Yesterday, the Denver Business Journal reported that gazillionaire Phil Anschutz, whose properties include the Colorado Springs Gazette, was "exploring the possibility of reviving the Rocky Mountain News, the Denver daily newspaper that shut down in 2009 after nearly 150 years of publication." But while a teaser for a new Rocky is online, along with a prototype edition, most observers think something other than an actual revival is in play, with popular theories involving the Denver Post, which has been on the market for several months amid turmoil at its parent company, Digital First Media.
See also: Denver Post Officially for Sale
As we've reported, the Rocky's website lingered online for years, frozen at the moment of its February 2009 death. But a few months ago, things began to change -- and now, the site is active again, in a manner of speaking. Stories are being updated on a single page, but the links to stories like Colorado marking two years of legalized recreational marijuana and a man stuck in a restaurant wall connect to other news organizations: CBS4, Fox31, the Gazette.
Meanwhile, the banner item reads: "Check out a FREE prototype of the Rocky Mountain News and tell us what you think!"
Can't imagine there'll be a lot of raves. The layout and look of the sample edition is slovenly and amateurish, as if the template was a third-rate community paper as opposed to a major metropolitan daily. Here's a look at page two....
...as well as page three.... ...and a random pick from the sports section: If Anschutz and company were really serious about putting a new Rocky on its feet, it's tough to believe their reintroduction of the well-remembered tabloid would look like the work of an overburdened intern given 24 hours to turn the project around.
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Beyond that, there's the matter of economics. While Denver supported two competing dailies for decades, times have changed to the degree that such a concept seems ludicrous on its face. No wonder speculation is rife that Anschutz decided to publicize the possible return of the Rocky as a way of pressuring Digital First Media to sell the Post to him at a reasonable rate rather than getting into a head-to-head battle that would hurt everyone.
Also popular is the notion that Anschutz wants to buy the Post and replace it with the Rocky. I suspect he feels more kindly disposed to the latter, which had a conservative editorial policy that better fits his worldview; the Post has been drifting rightward in recent years, but memories of its more progressive period linger.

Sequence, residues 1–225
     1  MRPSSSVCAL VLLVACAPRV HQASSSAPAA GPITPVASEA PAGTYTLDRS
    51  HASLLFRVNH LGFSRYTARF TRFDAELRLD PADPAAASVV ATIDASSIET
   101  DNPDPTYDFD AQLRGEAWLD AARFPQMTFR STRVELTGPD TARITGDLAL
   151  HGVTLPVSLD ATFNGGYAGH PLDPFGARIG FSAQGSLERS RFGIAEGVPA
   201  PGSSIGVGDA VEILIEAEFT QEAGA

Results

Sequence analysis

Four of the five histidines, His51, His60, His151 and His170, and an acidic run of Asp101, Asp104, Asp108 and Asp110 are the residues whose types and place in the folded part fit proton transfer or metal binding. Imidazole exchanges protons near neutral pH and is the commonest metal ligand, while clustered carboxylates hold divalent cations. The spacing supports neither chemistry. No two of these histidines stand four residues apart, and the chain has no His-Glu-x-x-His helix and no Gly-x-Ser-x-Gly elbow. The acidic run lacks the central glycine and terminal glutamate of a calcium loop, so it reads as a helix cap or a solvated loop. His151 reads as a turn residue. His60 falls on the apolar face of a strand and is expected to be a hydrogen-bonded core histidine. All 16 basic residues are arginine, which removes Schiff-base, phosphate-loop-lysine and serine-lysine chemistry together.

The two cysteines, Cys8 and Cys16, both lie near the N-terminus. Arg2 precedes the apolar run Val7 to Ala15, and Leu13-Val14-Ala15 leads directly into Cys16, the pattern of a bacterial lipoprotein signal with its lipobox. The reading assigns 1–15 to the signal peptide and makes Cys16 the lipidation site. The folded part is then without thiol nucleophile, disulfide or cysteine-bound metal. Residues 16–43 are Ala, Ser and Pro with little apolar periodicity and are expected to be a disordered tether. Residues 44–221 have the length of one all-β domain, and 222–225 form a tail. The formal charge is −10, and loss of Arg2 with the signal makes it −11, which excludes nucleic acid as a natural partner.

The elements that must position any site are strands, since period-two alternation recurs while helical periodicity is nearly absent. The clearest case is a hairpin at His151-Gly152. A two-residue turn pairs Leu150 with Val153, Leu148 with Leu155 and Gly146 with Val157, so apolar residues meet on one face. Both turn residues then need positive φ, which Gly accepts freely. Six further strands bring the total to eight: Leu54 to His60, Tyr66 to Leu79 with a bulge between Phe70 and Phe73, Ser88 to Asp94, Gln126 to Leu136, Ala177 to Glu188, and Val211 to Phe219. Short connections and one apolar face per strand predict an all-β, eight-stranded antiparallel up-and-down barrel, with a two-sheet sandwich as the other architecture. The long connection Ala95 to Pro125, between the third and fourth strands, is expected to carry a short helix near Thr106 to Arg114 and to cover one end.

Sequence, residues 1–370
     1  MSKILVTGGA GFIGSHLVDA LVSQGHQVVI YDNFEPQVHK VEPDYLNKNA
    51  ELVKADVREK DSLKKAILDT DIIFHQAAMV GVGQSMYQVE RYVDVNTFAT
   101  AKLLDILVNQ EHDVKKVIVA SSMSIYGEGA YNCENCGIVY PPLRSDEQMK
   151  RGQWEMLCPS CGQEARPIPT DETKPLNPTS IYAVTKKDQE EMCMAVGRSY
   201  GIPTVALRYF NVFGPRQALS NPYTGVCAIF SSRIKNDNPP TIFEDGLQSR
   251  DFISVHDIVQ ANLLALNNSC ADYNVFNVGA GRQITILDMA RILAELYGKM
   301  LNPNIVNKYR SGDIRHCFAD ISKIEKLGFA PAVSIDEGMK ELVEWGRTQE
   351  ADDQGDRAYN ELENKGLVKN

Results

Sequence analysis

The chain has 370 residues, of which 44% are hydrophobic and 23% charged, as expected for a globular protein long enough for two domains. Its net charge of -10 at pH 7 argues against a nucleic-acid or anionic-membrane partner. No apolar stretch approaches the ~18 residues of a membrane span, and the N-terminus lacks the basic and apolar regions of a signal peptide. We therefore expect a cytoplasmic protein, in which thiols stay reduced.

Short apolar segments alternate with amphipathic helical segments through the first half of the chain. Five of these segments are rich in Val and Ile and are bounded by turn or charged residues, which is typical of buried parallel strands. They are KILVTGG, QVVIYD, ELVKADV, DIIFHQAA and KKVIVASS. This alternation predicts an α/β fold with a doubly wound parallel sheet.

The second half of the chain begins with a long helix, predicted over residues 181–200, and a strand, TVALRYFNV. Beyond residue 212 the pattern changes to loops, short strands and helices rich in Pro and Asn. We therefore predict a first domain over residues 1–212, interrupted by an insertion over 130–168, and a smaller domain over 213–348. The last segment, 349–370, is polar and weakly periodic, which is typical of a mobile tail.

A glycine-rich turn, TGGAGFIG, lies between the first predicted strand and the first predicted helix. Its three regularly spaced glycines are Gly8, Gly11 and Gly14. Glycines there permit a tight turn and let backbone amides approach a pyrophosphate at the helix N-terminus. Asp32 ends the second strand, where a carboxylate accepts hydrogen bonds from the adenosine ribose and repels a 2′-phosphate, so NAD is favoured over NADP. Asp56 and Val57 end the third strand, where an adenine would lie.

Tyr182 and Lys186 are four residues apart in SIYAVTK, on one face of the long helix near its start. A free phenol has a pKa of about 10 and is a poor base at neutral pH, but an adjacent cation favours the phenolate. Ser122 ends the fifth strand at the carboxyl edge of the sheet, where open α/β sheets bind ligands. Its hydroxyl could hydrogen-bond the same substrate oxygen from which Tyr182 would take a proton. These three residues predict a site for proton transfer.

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Here's the take one former Rocky staffer shared with us:
Negotiating ploy. Trying to drive down the price of the Post. He owns the Gazette, so he wants into the Denver market. Namely, he wants the presses up on Washington.
Talk that he would either buy the Post and shut it down and resurrect the Rocky with a Gazette-leaning editorial stance. Or buy the Post and just put the Rocky nameplate on it and rebrand it that way. Guessing he's got lots of cash in hand with the stock market surging like it wasn't six years ago.
Either way, it wouldn't be the "Rocky" if he just renames it and the Post people are putting out the product. I took the survey at the end of the prototype -- which looks like crap and is being widely panned by my Rocky friends on Facebook -- and there are a lot of questions that are directed about the Post.
If I'm at the Post, I'm not sleeping well. Because either the Rocky comes back and the Post gets buried. Or the Post gets rebranded and there will be changes all over the place that they won't like.
John Temple's quote to the Denver Business Journal is spot on:
The Rocky "is more than a name. It's an attitude. It was a group of people committed to something they believed in. I love the Rocky Mountain News. But 'bringing it back' from the dead is going to take more than adopting the name and the tabloid format. All power to them, though. I hope they adopt the attitude of the paper's founder, William Byers, and go for it."
You can slap the name on it. But if it's just the Post with the Rocky name, nothing changes.
Send your story tips to the author, Michael Roberts.